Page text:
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Buckwheat actually isn't wheat at all, but the gluten-free seeds of flowers called groats! The name buckwheat was supposedly derived from the Dutch word ‘bockweit’, which means “butch wheat,” referencing buckwheat’s beechnut and wheat-like appearance.

Buckwheat is native to Asia, and was primarily cultivated in China before spreading to Northern Europe and Russia. Because buckwheat has a short growth cycle, keeps weeds at bay, prevents soil erosion, and thrives in less-than optimal environments, it became a staple in Europe and Russia and was grown between crop rotations. In the 17th century, buckwheat finally made its way to the United States.

While buckwheat can be cooked whole, it can also be ground into light or dark flour. The darker counterpart contains far more soluble fiber, which helps balance blood sugar levels for people with diabetes. Buckwheat is found in all types of cuisines, from soba noodles in Japan to pancakes in Western countries.

When is Buckwheat in season?


How to store Buckwheat?

When buying buckwheat, make sure that there are no signs of moisture in the bags or bins.

To store buckwheat, place in a sealed container and store in a cool, dry place. In warm climates, it’s best to refrigerate your buckwheat.

Whole buckwheat can be stored up to a year, but buckwheat flour will only last a few months.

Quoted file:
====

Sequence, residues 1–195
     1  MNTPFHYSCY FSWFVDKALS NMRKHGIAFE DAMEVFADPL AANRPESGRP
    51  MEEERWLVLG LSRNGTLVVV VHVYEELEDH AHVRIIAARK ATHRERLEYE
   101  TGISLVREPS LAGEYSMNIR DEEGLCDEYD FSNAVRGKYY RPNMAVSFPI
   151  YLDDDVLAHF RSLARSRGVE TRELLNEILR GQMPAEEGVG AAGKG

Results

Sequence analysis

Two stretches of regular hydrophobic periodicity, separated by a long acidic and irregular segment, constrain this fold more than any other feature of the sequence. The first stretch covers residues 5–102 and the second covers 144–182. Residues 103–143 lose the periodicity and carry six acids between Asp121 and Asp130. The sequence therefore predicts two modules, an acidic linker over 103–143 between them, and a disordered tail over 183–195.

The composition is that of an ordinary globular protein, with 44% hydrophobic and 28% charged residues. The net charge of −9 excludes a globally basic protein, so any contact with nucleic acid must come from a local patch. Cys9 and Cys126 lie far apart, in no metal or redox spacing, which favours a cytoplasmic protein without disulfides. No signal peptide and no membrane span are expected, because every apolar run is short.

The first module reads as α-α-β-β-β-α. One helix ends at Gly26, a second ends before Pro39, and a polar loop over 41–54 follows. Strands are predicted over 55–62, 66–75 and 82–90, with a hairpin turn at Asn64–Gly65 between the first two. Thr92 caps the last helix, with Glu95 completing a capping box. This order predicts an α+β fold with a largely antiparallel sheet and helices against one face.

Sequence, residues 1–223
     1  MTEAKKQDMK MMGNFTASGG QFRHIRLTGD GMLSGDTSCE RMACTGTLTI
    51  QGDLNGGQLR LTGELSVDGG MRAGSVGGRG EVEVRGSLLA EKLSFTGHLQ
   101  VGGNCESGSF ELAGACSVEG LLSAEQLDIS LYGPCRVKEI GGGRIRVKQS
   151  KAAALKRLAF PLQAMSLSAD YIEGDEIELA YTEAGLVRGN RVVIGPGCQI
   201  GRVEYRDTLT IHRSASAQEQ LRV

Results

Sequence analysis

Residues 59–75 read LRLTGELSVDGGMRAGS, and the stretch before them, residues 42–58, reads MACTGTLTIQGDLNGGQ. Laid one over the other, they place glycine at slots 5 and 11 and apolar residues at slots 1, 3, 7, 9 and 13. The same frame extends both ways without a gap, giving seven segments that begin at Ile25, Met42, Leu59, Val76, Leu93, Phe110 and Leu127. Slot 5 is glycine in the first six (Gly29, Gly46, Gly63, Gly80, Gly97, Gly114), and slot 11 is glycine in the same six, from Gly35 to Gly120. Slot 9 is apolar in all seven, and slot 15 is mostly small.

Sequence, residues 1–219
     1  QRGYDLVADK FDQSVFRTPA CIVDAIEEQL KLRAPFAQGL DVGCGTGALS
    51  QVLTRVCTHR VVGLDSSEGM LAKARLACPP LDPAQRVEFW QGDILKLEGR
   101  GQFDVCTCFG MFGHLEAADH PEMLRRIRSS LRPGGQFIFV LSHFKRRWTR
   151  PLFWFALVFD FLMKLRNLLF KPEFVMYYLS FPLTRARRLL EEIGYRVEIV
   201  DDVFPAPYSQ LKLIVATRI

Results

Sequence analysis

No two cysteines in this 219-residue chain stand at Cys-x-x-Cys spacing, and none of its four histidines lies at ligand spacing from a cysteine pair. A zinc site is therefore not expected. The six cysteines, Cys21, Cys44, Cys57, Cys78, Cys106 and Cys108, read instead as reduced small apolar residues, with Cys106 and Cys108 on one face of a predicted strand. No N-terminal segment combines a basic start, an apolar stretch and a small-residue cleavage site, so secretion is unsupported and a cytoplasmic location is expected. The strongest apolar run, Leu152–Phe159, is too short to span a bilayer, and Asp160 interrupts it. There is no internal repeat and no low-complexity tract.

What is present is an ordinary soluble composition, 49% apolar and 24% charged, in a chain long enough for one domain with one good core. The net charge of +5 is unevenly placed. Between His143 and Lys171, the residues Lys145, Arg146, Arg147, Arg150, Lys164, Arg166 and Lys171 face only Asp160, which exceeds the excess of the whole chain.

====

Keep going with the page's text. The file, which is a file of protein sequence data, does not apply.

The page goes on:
What to make with leftover Buckwheat?

For a new flavor in your baked goods, try mixing buckwheat flour with other flours at a 1:1 ratio.

You can cook whole buckwheat like you would oatmeal or porridge.

Because roasted buckwheat has an earthy flavor, adding roasted buckwheat flour to soups or stews creates a heartier flavor and thicker consistency.

Cooked buckwheat makes a great topping for a healthy and filling lunch or dinner salad.

Food Science

Buckwheat is a very good source of manganese, copper, magnesium, and phosphorus.

Buckwheat contains high quality protein.

Cooking tips for Buckwheat

Buckwheat should be rinsed in cold water before cooking to clear out any unwanted particles that could be hiding in between the kernels.

Want an earthy, nutty taste, similar to cumin’s earthiness? Try “kasha,” also known as roasted buckwheat!

Buckwheat is a great wheat substitute for gluten-intolerant people, as buckwheat contains no gluten but has a very similar texture to many grains.

What are the health benefits of Buckwheat?

Buckwheat is an excellent source of highly soluble dietary fiber, which assists in controlling blood sugar, reduces plaque buildup in blood vessels, and has been proven to lower the risk of high cholesterol and high blood pressure.

This type of fiber not only regulates internal bodily functions, but also has been shown to reduce the risk of breast cancer. It is also a source of resistant starch, an insoluble dietary fiber which improves colon health.

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